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Blogcat's Take, 1/16

For some reason, I feel like dwelling on the pain of last night’s loss to the New Orleans Pelicans while it’s still farm-to-table fresh. There was so much to be frustrated about; it was a frustration-rich environment. Going in reverse order: why wasn’t the foul on Jeremy Lin by Jrue Holiday on the penultimate inbounds considered to be a shooting foul? Lin sure looked like he was shooting—hell, there was only 1.2 seconds left on the clock, that’s basically all he could be doing. The ball from Lin’s non-shot damn near went in right after the ref called foul. We were SO close to Lin completing an and-1 for the win, but at the very least we should have had two free throws for the chance to tie it. Next—and this is the last time I’ll complain about the refs, I promise—the “foul” on Anthony Davis that gift-wrapped him two free throws to put the Pelicans up 107-104 was either a) committed by the floor, or :cool: an offensive charge by his sneakers, because the dude straight-up slipped. Unfortunately, the actual foul was called on Cody Zeller, who happened to be the nearest Hornet in the area. Charlotte absolutely deserved to lose, don’t get me wrong, but the refs sealed the deal; if the Hornets’ own incompetence was Vontaze Burfict, the refs were Pac-Man Jones.

The incompetence of which I speak is this frustrating compulsion to double-team when it’s not necessary or collapse to the paint too early (or some combination of both). Double-team-itis was the acute cause of death last night on the Pelicans’ final Holiday-to-Davis pick-and-roll alley-oop, but earlier in the game both symptoms manifested when we repeatedly allowed a wide-open Ryan Anderson to go Chris Kyle on the basket from long-range. Let’s begin first with the clip of the game-winning alley-oop by the Brow. Trigger/spoiler warning: you certainly don’t need to watch this clip—especially if you already saw it when it happened last night—because it will hurt. Maybe you could do what some pediatricians do when they’re giving shots to little kids and say you’ll do it on the count of 3 but then do it on 2. Also, just think about poor me, who had to dig it up online and watch it a couple of times so that I could get my iPhone recorder steady and record it, because I’m too ghetto/inept to know how to record video directly off my laptop, not to mention I’m probably going to get sued for a million dollars for unlawful copyright violations—which would be hilarious and typical: getting sued for pirating video images of my favorite team losing. Anyway:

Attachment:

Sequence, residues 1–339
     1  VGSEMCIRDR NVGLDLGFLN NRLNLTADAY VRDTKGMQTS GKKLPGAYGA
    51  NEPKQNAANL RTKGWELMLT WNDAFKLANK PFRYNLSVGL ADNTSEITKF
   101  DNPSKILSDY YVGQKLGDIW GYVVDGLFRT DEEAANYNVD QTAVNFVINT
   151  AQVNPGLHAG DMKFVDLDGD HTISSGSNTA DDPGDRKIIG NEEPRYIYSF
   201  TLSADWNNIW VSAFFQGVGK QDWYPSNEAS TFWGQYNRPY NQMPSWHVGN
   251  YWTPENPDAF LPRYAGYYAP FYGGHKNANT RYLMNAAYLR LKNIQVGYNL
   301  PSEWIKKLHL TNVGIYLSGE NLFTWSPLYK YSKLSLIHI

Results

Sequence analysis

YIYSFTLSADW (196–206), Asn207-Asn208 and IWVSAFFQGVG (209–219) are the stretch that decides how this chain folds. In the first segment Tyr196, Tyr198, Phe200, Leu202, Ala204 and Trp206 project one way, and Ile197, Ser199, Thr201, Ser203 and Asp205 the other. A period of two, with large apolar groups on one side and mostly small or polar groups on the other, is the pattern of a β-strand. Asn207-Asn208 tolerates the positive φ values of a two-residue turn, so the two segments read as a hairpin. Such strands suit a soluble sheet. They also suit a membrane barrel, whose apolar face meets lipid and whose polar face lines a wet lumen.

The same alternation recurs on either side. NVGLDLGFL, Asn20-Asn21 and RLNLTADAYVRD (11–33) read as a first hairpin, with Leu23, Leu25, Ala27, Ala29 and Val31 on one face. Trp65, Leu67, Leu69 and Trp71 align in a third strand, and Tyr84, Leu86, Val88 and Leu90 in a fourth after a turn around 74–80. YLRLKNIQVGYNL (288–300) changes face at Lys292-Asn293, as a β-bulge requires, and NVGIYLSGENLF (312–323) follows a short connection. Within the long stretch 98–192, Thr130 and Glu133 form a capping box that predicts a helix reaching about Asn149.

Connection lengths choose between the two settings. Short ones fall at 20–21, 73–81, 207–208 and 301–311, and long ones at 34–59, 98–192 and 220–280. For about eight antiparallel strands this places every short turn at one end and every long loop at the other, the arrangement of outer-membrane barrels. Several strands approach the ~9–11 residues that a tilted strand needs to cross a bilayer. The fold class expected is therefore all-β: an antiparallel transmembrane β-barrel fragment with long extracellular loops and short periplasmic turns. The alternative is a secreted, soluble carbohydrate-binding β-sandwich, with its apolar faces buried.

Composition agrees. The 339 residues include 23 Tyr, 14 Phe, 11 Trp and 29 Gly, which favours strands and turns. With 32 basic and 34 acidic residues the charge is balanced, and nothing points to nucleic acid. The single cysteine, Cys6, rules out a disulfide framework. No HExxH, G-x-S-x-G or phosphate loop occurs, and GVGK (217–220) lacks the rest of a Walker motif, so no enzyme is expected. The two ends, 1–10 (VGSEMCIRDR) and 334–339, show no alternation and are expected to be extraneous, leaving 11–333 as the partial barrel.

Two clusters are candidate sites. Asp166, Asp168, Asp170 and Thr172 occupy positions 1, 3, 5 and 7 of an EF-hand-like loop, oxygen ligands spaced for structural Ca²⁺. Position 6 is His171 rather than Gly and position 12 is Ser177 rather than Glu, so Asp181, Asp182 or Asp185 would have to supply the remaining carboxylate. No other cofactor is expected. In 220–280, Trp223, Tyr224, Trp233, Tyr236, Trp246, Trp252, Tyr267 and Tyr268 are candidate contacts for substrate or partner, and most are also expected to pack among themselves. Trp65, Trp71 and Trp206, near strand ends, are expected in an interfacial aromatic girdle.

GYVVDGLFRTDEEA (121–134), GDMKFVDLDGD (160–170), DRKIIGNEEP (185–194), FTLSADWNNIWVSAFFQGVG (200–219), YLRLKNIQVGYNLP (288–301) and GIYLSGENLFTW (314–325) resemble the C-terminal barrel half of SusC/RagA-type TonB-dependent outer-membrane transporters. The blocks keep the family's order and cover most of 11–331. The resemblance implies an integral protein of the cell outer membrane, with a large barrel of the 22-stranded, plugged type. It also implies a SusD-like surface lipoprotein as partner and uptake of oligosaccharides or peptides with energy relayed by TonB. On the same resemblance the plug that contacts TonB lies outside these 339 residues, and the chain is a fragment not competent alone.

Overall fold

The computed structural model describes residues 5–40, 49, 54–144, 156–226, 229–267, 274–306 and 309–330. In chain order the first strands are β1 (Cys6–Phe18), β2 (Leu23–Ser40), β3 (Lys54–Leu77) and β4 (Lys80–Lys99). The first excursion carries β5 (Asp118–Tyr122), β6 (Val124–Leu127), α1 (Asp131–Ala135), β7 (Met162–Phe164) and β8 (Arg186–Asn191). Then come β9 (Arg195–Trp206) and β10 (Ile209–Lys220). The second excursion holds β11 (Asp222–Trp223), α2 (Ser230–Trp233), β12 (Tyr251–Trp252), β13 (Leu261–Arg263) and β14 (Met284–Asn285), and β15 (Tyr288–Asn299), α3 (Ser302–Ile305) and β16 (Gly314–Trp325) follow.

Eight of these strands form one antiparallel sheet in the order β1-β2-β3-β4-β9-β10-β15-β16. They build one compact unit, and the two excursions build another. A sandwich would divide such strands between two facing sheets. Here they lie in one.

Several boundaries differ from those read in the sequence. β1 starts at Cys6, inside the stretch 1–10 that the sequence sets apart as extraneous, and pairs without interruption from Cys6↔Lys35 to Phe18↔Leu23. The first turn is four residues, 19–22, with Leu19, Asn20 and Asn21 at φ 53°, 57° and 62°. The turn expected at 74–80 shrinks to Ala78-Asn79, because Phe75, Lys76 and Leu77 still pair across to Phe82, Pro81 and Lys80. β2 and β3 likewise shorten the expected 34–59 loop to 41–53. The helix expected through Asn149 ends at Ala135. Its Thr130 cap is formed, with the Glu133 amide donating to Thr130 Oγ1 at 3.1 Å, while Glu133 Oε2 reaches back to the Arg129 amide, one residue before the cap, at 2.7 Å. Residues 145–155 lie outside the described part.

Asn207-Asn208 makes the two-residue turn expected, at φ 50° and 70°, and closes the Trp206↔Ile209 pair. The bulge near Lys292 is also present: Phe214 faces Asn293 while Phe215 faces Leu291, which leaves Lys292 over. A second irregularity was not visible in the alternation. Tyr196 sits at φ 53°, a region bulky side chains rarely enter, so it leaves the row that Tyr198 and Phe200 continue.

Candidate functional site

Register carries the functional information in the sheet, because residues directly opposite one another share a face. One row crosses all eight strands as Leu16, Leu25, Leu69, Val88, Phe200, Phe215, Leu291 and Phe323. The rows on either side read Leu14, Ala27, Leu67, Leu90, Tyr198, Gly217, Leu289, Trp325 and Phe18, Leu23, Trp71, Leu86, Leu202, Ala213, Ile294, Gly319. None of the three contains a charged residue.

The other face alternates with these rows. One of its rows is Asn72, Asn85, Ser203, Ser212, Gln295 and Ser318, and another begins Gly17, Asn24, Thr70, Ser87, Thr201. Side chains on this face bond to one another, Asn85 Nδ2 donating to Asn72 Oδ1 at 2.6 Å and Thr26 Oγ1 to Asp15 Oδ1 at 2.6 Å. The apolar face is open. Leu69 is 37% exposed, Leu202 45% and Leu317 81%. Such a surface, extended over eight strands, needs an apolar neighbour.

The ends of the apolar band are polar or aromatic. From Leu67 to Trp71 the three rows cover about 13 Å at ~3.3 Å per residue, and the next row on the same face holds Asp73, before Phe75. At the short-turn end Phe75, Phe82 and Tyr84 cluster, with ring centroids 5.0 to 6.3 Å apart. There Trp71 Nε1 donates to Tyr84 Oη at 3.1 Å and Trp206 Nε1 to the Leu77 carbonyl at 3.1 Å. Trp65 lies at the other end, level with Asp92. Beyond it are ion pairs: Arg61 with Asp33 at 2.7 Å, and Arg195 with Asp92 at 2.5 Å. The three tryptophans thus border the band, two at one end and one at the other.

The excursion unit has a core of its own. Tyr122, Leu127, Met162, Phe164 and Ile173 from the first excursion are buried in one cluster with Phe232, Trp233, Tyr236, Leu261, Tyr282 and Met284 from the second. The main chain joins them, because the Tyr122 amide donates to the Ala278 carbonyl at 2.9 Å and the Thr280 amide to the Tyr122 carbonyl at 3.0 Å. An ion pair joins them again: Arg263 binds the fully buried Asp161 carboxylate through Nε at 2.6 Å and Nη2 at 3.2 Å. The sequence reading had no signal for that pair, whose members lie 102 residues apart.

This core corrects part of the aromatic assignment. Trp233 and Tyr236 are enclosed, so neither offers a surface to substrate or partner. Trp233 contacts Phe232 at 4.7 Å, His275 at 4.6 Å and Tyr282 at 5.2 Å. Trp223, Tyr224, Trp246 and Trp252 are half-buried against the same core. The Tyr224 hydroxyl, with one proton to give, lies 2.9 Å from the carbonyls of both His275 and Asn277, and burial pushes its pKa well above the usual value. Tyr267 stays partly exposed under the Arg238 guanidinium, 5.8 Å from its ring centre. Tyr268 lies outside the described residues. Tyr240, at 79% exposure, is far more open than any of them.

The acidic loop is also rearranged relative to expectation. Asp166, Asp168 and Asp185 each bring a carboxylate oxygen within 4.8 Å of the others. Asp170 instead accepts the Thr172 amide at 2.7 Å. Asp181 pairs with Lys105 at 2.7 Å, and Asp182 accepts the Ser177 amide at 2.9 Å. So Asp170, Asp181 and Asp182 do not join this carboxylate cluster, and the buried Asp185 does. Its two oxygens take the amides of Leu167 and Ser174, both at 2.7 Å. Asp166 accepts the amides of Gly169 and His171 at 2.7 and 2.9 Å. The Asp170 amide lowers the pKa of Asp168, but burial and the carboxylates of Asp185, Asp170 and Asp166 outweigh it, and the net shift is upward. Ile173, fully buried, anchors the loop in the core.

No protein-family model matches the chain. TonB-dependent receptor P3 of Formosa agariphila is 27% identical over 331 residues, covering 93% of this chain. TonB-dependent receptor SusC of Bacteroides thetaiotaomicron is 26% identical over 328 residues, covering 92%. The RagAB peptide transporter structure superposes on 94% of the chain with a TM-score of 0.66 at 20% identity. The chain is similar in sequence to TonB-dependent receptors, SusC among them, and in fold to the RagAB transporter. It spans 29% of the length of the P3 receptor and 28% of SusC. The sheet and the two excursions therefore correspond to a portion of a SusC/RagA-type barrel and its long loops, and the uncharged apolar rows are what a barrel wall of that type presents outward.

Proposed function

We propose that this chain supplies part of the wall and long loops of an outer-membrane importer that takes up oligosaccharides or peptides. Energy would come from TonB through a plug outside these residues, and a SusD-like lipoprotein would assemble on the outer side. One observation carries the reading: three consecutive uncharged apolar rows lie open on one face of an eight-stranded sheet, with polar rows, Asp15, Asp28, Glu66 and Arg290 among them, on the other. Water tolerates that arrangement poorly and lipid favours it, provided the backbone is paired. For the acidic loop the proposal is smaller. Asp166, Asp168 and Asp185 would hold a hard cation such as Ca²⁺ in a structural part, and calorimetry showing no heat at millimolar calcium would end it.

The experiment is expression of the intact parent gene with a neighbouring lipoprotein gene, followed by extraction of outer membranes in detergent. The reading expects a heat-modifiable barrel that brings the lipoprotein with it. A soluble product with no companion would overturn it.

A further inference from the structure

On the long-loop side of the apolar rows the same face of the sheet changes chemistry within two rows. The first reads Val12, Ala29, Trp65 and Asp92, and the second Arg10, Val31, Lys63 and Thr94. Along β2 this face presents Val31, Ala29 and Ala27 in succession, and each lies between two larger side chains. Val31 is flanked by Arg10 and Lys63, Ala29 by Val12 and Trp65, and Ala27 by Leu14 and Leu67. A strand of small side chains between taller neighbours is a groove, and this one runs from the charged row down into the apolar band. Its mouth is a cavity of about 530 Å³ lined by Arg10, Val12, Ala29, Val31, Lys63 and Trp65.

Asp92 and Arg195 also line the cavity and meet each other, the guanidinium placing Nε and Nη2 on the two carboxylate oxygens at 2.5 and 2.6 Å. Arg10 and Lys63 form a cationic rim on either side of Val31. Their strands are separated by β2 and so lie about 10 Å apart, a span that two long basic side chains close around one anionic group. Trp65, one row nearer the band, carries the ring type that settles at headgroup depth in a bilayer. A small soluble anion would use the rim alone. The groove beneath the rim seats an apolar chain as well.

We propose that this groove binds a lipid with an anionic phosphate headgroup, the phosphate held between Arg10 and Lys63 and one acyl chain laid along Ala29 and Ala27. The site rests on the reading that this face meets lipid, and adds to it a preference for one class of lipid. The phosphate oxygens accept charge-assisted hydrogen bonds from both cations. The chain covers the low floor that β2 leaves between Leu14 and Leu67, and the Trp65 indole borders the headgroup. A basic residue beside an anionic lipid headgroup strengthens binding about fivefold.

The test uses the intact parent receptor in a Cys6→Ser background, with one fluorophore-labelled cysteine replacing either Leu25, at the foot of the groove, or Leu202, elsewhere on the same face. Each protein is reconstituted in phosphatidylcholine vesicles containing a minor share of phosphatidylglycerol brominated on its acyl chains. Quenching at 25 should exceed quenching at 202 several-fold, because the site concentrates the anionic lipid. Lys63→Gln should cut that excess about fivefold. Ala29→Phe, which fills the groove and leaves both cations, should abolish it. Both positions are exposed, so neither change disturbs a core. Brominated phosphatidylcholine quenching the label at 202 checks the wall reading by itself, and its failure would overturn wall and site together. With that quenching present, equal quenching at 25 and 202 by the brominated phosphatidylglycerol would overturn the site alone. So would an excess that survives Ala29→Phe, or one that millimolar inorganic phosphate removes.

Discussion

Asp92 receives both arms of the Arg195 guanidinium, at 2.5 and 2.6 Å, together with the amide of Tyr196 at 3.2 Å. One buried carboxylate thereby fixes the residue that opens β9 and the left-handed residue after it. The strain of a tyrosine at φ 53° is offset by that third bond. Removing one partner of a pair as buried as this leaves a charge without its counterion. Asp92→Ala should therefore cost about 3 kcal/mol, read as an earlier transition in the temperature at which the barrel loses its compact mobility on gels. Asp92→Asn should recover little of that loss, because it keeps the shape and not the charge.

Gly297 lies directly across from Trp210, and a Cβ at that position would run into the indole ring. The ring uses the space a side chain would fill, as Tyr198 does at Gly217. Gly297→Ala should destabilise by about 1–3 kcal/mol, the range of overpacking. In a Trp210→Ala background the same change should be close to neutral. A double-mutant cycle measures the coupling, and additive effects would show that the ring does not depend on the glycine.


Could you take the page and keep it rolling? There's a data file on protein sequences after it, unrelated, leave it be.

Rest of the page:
Why oh why does Zeller leave Davis to join Kemba Walker on a double-team of Holiday?? Leaving aside that Davis is one of the best players in the league and it’s generally a good idea to cover him at all times, Walker was doing fine by himself. Look again if you dare at that clip: Kemba’s right there with Holiday; if Holiday shoots it, it’s going to be a very tough shot and Holiday is a 42% shooter (per NBA.com) on pick-and-rolls, which is nice, but you definitely would take your chances with him. As much as I enjoy and appreciate Zeller, he should have immediately been administered a drug test after that play, because I don’t know what he was thinking.

As painful as this was, though, it was just the final fork in the corpse’s back. The real cause of death was the cancerous defense that occurred in the first and second quarters, when the Hornets repeatedly and inexplicably kept leaving Ryan Anderson more open than an issue of Hustler in a sex shop. Anderson racked up 5 3-pointers and 8 FGs overall in about 17 minutes of play, reversing a 3-point Pelicans deficit into an 8-point halftime lead. Frank Kaminsky was the one primarily responsible on the court for allowing this, but I don’t know if this was really his fault or if he was just doing what Coach Clifford’s scheme dictates. Regardless, this play here typifies the mayhem: